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Why it's important

Much of our energy distribution technology is state of the art 1880s technology. While nearly every other area has benefited from computing and internet technologies, the electrical grid is still operating on very old, very inefficient technology. The electrical grid must deal with delivering large amounts of high quality energy from a number of different sources to millions of homes with demands that change by the second. Currently, the idea is to make a lot of energy and have it be available to the end user whether they need it or not and to try to over the course of the day produce exactly the right amount of energy. We are asking things of the electrical grid that the original designers could never have imagined and that the grid was never designed to deal with. Below are some descriptors of things that this new smart grid will do better than the current grid.
The smart grid is less prone to breakdown

Increased Efficiency

The primary argument for smart grids is that they can lead to an increase in efficiency. Having information about supply and demand in real time eliminates waste. To meet a constantly varying demand, utilities must keep spare generating plants in standby mode, which is not only in itself expensive, but doubly so because these plants that are held in standby tend to be the least efficient plants. The last 10% of generating capacity available may only be used 1% of the time, but is still necessary to avoid brownouts and blackouts. These are also usually the most heavily polluting power plants. By having a better idea of what energy demands will be, less standby may be needed. In addition, having systems like real-time pricing and Demand Response (see below), could help to smooth out spikes in demand. Pacific Northwest National Laboratories estimates that the smart grid's potential to smooth out demand spikes could eliminate the need for $46 to $117 billion in power plant and power line investments in the next 20 years.

Smarter Consumers

Smart grid technologies will allow utilities to price energy (within reason of course) according to supply and demand. This already occurs in some areas, but is likely to be more precise, where those who use energy during high demand periods would likely pay a little more than they currently do, but those who are aware of these patterns can save money by running high energy equipment when demand is low. There is also the potential for something called Demand Response, where the utility company pays you to lower your demand as overall demand is increasing. This leads to a balancing out of the demand for energy, which is good for costs and emissions.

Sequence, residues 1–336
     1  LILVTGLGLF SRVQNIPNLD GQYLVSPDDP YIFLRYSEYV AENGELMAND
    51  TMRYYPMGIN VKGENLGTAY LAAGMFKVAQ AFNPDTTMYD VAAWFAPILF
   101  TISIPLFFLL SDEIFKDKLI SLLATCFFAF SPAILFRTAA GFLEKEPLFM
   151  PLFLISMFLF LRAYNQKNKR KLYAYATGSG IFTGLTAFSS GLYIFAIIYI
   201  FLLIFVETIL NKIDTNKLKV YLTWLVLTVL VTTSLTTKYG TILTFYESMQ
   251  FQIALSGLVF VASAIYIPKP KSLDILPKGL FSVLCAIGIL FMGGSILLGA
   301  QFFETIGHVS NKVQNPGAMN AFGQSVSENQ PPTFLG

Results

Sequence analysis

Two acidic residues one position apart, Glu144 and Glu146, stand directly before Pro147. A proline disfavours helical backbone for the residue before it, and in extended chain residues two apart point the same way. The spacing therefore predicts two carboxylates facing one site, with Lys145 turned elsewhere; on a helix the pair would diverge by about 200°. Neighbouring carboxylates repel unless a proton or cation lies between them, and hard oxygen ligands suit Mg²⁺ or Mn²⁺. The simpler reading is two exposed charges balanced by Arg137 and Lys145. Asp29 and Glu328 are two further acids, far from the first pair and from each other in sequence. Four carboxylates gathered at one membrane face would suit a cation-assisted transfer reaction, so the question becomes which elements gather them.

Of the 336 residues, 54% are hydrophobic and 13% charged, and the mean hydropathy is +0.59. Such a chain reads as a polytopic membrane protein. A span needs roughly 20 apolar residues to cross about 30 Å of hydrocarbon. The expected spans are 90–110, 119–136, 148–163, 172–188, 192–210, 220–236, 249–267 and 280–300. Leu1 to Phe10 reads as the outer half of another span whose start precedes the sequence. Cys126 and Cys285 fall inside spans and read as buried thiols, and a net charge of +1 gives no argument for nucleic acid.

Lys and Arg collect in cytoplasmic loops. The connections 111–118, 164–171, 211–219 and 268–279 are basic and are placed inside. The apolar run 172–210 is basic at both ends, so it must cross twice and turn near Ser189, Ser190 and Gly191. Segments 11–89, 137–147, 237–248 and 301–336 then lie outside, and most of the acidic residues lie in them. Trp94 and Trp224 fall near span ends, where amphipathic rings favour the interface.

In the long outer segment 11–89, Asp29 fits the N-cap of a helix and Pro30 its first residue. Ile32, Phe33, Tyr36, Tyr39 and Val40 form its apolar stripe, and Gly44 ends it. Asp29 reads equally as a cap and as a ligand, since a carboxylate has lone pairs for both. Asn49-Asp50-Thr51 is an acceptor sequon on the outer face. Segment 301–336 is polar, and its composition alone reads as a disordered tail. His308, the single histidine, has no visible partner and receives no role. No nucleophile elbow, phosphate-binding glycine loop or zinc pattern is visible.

A smart grid will allow for better integration of renewable energy technologies such as wind power.Credit: Wikimedia Commons

Less Prone to Breakdown

The smart grid is less prone to breakdown for two reasons. First off, it is designed with more redundancy, meaning that things are connected to each other in multiple ways, so there are many more paths to get from Point A to Point B. The second, and perhaps more important, way is that a smart grid is constantly checking its health and is able to predict failures and report them when they do occur. With the current system, a power company doesn't know there's been an outage until they start receiving calls. With a smart grid, each home is constantly telling the utility company about the state of its energy supply, so the company will know immediately if there has been an outage.

Better Integration of Renewables

A smart grid is better able to integrate both utility- and residential-scale renewable energy systems. On the utility side, it is able to take constantly varying outputs from remote areas and integrate it seamlessly into the grid. On the residential side, smart grids are able to tell the utility how much energy a home solar or wind system is producing, so that the energy company can reduce output by that amount. Right now, the utilities have no idea how much energy is being produced by individuals and so are not able to adjust their behavior as well as they could.

Integration of Plug-in Vehicles

Smart grids allow plug-in electric vehicles to become more than just big appliances that get plugged into your garage. With smart grid technology, the batteries on the vehicles can be charged over night when demand is low for a lower price. The energy stored in these vehicles could also be used to power essential parts of a home during a blackout or to ease spikes in demand by drawing some energy from the batteries and recharging them later. This would all help decrease emissions of the utility companies.

Up next: Where we are
PoliticalAffairs.net - Smart Grids
Interview with people from EarthTalk about the benefits of a smart grid.
Click now to view
Wikipedia - Smart Grid
Wikipedia article on smart grids
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EnergyPriorities.com
Importance of Smart Grid technology.
Click now to view
Wikipedia - Smart Grid
Wikipedia article on smart grids
Click now to view
Wikipedia - Smart Grid
Wikipedia article on smart grids
Click now to view
EnergyPriorities.com
Importance of Smart Grid technology.
Click now to view
PoliticalAffairs.net - Smart Grids
Interview with people from EarthTalk about the benefits of a smart grid.
Click now to view
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